The Relationship Between Compensation Satisfaction and Job Characteristics: A Comparative Study of Public and Private Leisure Service Professionals


  • Tsu-Hong Yen
  • William R. McKinney


Personnel management, compensation, compensation satisfaction, perceived job characteristics, organizational behavior, park and recreation administration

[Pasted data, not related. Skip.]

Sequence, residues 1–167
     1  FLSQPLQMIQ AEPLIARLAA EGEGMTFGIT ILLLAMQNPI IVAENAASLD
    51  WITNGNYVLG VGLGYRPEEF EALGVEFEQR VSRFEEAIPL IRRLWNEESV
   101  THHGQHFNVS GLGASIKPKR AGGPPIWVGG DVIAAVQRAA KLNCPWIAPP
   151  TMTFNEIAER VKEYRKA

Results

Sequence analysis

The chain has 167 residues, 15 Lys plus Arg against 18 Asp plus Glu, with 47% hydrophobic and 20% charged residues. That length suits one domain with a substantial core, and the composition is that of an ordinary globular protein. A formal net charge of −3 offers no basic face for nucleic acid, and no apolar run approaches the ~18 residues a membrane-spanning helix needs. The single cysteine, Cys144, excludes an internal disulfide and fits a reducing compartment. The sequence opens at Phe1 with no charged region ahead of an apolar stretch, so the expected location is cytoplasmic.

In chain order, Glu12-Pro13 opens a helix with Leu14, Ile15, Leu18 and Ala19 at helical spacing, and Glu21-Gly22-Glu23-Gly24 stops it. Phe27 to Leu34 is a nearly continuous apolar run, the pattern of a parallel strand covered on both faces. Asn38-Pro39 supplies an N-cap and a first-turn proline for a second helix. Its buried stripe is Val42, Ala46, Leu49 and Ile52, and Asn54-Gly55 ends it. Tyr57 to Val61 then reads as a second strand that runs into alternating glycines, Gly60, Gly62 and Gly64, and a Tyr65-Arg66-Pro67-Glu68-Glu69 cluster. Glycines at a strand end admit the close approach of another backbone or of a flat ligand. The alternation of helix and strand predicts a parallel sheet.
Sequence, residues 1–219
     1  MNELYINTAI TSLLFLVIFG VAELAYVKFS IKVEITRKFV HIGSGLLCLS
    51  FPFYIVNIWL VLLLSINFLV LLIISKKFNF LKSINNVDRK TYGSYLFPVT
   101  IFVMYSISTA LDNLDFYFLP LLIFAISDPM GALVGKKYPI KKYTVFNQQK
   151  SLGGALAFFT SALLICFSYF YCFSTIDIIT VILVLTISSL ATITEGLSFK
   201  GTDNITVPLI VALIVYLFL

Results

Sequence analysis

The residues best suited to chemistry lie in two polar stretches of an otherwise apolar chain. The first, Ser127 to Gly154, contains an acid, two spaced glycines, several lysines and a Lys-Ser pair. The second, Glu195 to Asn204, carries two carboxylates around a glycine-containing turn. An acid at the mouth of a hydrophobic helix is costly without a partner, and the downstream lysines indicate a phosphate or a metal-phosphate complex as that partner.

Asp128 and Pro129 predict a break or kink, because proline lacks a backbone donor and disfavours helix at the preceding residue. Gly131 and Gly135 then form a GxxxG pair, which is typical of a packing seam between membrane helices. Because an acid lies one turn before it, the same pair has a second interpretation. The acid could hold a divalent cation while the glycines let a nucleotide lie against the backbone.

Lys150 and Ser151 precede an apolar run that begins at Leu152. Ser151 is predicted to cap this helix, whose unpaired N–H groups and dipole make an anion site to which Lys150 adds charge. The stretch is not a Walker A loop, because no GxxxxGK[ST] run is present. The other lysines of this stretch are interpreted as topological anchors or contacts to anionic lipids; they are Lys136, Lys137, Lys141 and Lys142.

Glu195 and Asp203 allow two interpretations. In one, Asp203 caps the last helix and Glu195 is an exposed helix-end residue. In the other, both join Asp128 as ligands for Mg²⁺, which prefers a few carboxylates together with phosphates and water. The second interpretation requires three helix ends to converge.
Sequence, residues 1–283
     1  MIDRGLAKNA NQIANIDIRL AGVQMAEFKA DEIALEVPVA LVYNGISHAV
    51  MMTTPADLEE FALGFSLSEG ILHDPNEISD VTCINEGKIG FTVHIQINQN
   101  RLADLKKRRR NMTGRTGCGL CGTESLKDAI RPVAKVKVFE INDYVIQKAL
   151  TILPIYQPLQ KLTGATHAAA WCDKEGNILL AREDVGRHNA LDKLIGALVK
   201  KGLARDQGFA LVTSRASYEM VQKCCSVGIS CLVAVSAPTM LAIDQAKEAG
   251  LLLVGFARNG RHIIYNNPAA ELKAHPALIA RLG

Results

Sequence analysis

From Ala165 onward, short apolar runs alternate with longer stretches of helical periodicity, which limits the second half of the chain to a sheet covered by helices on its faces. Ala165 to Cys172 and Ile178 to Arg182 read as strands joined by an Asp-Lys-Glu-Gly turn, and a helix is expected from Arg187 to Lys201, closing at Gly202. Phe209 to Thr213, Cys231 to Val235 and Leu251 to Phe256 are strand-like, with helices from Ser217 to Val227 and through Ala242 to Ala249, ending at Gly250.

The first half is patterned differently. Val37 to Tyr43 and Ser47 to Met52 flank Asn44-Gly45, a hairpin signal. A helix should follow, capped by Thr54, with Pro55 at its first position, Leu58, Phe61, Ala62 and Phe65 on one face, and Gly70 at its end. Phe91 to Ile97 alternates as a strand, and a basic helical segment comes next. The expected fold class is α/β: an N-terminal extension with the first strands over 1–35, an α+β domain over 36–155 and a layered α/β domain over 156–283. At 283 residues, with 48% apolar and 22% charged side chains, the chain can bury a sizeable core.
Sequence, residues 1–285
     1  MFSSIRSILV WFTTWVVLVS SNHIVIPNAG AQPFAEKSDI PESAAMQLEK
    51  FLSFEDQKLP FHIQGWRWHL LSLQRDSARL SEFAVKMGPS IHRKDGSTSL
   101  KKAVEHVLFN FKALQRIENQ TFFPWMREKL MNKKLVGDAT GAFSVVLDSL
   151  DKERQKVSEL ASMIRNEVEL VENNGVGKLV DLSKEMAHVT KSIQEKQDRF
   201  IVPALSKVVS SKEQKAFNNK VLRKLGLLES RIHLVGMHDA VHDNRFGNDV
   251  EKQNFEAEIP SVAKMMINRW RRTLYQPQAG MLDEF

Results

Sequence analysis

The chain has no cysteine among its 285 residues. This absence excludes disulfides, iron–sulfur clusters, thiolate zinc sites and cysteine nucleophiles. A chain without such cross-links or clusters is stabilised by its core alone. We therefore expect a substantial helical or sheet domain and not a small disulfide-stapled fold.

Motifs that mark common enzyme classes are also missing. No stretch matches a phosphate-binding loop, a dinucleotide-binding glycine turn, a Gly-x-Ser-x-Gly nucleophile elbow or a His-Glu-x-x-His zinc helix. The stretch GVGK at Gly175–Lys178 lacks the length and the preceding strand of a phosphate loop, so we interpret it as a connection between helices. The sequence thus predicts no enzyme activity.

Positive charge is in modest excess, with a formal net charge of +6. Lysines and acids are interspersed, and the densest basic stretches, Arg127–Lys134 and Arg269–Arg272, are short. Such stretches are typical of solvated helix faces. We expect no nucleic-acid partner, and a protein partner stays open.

This study investigated the relationship between perceived job characteristics and compensation satisfaction for mid-level managers in public and private leisure service organizations. The sample consisted of 667 public managers and 306 private managers. Compensation satisfaction was measured with the Pay Satisfaction Questionnaire (PSQ) developed by Heneman and Schwab (1985). Perceived job characteristics were measured with the Job Characteristics Inventory (JCI) developed by Sims, Szilagyi, and Keller ( 197 6). The results indicated that public managers and private managers differ in their perceptions of their jobs and compensation. They also have different perceptions regarding their job characteristics and compensation satisfaction. Public managers perceived dealing with others as the most important element in their jobs, and private managers rated task identity as being most important. Public managers were more satisfied with their benefits than were private managers. However, private managers were more satisfied with their pay raises, structure, and administration than public managers. Positive relationships between perceived job characteristics and compensation satisfaction were found for both public and private managers.





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